Struggling schools in West Duluth, Proctor see success after intervention
Jana Hollingsworth, Duluth News Tribune, September 29, 2013 – One of the first things you see when you enter Laura MacArthur Elementary School in the heart of West Duluth is a banner proclaiming, “We will be a reward school by 2015.”
The high-achieving label is a tall order for the school that in 2012 was lumped in the bottom 5 percent in the state for achievement, being named a “priority school” for three years, along with neighboring Proctor Bay View Elementary. But both schools were given large state grants to pay for more staff and other resources, and last year rolled out massive changes that required new ways of thinking and instructing for teachers. That led to new expectations of students and more outreach to families. In one year, both schools have seen a variety of improvements, ranging from higher test scores to better behavior and more parent involvement.
“We’ve had to do some very progressive things,” said Laura MacArthur Principal Nathan Glockle. “It’s been a lot of hard work. But the things we are doing are going to be the new normal.”
In 2012, many Minnesota schools were required to roll out school improvement plans as part of the Minnesota Department of Education’s new accountability system for schools that receive Title I money. The department created the new system after receiving a waiver from some of the federal No Child Left Behind law’s harshest mandates. New labels ranged from “reward schools,” which were those at the top for achievement, to “priority.” The priority label lasts for three years.
Glockle has arranged it so teacher prep time is now when teachers from the same grade meet to work together during the school day with him and other administrators to go over data and talk about instruction. That was the biggest change, because it meant some complicated schedule changes to work within their contract and a mind-set shift for teachers who were used to private time to correct work or to plan.
“A lot of days you had to question yourself: Is this going to work?” said Glockle, in his third year at the school. “But I know who I am as a person. If I am going to bring teachers together to collaborate on student learning, how can I go wrong with that?”
Fifth-grade teacher Ronda Erie — who saw her class go from 11 percent proficient in math to 73 percent proficient in a year — said she’s worked in schools where teachers work in isolation, sharing nothing. By working with other teachers, sharing methods and studying data, she’s learned more in one year than in 15 years of teaching, she said.
“We never looked at data before,” she said. “It’s embarrassing to say that. Why weren’t we? Now we are and I can tell you exactly where each student is; these kids need a challenge and these kids need help. This is going to change education.”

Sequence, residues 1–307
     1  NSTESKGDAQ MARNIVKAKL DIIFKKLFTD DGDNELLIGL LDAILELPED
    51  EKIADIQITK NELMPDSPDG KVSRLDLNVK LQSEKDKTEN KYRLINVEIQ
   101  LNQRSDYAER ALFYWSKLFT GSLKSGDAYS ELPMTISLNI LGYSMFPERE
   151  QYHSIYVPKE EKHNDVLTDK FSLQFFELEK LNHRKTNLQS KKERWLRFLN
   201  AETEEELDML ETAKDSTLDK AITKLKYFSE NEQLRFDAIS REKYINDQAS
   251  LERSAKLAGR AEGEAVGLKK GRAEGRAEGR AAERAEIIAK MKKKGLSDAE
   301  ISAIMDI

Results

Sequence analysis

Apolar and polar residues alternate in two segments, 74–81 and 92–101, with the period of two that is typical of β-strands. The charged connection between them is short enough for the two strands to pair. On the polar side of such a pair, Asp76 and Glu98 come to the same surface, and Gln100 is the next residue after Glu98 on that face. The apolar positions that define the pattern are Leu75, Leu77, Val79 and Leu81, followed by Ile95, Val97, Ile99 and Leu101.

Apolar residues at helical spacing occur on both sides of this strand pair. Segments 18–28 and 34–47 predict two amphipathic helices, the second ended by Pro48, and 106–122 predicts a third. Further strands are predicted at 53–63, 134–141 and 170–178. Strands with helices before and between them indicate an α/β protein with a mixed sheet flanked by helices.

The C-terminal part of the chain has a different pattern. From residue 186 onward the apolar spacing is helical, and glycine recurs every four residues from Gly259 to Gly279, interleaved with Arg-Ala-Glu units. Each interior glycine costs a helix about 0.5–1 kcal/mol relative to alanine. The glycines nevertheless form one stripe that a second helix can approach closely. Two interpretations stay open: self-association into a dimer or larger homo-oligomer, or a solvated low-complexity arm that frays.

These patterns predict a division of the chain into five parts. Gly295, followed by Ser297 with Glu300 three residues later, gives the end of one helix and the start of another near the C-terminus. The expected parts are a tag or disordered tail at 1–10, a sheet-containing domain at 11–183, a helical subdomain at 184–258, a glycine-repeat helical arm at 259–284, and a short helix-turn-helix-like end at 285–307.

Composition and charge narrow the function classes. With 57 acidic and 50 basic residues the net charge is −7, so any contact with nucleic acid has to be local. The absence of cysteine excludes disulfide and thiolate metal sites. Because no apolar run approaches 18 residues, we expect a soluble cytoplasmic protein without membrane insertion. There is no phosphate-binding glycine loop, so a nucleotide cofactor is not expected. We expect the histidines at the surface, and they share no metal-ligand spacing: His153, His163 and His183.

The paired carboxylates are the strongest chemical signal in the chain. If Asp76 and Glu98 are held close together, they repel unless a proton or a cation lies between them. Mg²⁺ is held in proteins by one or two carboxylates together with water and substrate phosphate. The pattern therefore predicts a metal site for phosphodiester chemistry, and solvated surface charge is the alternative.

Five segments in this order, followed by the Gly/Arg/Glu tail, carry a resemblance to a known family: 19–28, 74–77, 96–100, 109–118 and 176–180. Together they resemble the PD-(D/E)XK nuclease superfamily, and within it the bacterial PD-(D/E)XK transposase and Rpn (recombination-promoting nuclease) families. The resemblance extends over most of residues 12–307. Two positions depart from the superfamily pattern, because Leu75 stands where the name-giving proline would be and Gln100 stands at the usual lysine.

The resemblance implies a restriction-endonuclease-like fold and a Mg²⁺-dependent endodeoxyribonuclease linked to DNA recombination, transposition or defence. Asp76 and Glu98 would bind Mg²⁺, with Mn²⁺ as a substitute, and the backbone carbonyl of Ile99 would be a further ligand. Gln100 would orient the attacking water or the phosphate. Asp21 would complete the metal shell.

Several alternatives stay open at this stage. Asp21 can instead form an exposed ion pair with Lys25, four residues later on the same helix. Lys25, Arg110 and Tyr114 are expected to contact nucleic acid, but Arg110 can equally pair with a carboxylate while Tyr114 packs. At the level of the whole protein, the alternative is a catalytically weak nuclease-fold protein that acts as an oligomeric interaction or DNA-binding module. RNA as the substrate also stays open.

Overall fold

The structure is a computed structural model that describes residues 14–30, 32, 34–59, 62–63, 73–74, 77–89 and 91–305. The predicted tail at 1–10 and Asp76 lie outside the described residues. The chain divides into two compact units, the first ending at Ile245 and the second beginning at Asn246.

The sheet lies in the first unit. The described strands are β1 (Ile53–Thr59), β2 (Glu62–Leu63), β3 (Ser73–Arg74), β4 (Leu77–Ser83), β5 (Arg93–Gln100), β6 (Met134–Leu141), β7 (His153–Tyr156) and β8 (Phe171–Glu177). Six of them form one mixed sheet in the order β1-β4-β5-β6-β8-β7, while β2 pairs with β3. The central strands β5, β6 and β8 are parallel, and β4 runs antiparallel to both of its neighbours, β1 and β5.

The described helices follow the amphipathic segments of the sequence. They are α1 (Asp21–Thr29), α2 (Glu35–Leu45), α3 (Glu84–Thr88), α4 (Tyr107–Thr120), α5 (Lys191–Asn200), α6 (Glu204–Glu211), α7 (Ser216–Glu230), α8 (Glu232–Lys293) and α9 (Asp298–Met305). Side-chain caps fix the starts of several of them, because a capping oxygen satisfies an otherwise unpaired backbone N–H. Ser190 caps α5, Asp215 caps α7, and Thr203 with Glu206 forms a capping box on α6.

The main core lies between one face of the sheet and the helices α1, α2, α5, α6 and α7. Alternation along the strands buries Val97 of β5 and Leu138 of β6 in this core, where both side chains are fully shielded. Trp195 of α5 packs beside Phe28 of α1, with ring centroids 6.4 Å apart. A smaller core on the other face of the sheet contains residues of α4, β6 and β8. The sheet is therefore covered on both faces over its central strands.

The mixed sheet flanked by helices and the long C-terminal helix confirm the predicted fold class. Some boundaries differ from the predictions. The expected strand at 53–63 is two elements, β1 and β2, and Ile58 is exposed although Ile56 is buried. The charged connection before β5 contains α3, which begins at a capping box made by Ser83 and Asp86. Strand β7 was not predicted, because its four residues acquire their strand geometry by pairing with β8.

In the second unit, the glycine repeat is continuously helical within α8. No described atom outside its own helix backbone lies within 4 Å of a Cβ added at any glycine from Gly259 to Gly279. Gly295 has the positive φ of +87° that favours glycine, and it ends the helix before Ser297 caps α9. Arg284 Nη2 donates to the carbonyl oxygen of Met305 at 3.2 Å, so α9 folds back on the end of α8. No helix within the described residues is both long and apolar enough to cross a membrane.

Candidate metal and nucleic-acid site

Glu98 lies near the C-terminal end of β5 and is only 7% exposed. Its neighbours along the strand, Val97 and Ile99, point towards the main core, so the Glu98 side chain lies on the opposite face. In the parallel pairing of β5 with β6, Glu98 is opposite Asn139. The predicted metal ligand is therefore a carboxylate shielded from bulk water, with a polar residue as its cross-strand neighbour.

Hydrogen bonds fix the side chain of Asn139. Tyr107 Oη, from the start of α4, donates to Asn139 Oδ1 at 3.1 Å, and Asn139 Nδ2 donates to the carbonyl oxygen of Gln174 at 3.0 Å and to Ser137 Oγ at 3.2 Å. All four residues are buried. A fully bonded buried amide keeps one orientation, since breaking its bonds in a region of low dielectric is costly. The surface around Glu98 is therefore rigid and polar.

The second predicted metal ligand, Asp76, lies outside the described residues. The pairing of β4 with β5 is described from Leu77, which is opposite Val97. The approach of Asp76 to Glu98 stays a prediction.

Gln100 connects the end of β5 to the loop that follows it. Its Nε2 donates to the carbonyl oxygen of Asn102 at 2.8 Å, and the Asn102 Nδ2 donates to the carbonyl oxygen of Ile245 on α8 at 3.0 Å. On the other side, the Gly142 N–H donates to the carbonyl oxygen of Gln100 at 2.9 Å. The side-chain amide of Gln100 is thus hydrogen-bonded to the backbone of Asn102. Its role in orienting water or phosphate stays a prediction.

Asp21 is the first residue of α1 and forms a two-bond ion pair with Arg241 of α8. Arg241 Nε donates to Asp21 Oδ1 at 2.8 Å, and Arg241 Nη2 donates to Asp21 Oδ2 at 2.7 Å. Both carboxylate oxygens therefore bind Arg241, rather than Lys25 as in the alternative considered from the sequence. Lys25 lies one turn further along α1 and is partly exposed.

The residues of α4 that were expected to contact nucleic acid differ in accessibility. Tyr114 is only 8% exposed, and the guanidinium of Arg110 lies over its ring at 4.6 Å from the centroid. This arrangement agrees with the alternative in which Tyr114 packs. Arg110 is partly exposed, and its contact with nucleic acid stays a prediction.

At Bay View, Principal Diane Morin said her school is doing the same thing.
“Our thing was, we weren’t really teaching to the standards,” she said, referring to the state education department curriculum standards. “That was a big shift in thinking,” once subjects were aligned that way.
Morin was brought to the school from another principal position in the district to replace another, so it has taken staff time to develop trust, she said.
“We are getting there,” she said. “Change is always hard. Some people immediately buy in and others, it takes a bit. But it’s the most gratifying work I’ve done in my professional career.”
Both principals spend more time in classrooms observing teachers, giving them feedback on their instruction. Each said it’s been stressful for some teachers not used to such scrutiny, but it’s a requirement of the grant.
The teachers are focused on learning new ways to better help their students, said Shane Johnson, Laura MacArthur’s continuous improvement specialist who was hired last year as part of the grant.
“They are in the trenches, they are the foot soldiers,” she said. “They are the ones pulling this off.”
In the wake of success seen at Laura MacArthur, Principal Glockle was among educators from six states invited to the U.S. Department of Education in Washington, D.C., to talk about the work being done at their schools.
Both schools lost a few staff members to retirement or other schools after last year, but administrators wouldn’t directly say whether staff members left because of the changes.
“It’s been an incredible amount of work for staff,” Morin said, and some departure decisions may have been based on, “‘Am I in this for the long haul?’ It’s a whole new way of doing things.”
Johnson said people left for a variety of reasons, but she doesn’t fault anyone who left because of the difficulties that come with the “priority school” label.
“Sometimes, it’s too overwhelming,” she said.
Parent involvement has been important at Laura MacArthur, which has a couple dozen fewer students than last year, about 460 last week. Books are set out in the cafeteria so kids can read during the free breakfast time, and some kids read with their parents who come in with them.